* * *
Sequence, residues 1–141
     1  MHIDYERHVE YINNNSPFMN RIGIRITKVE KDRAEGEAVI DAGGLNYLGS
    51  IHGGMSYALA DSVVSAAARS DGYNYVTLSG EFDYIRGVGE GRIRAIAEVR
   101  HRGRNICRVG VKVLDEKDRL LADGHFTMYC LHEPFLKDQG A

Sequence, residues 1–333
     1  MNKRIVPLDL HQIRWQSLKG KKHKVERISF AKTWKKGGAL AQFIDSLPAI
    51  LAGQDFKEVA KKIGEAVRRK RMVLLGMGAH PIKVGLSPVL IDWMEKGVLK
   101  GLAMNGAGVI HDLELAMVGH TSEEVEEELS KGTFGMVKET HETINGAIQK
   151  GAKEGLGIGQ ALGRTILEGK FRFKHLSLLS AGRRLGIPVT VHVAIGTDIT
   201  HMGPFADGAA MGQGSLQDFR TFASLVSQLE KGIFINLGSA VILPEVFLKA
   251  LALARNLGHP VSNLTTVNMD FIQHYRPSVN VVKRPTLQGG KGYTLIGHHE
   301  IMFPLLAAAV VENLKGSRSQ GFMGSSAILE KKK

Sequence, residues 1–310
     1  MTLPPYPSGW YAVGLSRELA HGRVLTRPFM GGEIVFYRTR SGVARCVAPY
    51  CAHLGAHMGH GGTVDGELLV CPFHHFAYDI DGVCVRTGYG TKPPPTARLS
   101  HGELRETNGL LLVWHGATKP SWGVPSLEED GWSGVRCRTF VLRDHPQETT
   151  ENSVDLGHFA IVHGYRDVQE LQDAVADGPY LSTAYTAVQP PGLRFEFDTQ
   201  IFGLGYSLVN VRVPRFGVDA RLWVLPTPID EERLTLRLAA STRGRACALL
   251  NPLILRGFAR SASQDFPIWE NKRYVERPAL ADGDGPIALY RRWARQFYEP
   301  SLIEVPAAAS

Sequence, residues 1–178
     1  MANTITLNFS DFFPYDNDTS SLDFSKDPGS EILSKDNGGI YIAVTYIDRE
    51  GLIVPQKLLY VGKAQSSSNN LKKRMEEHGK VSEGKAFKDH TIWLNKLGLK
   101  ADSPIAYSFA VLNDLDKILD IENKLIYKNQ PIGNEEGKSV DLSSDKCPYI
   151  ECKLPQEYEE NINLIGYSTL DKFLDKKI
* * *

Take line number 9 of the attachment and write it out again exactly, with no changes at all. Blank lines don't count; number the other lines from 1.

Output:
   151  GAKEGLGIGQ ALGRTILEGK FRFKHLSLLS AGRRLGIPVT VHVAIGTDIT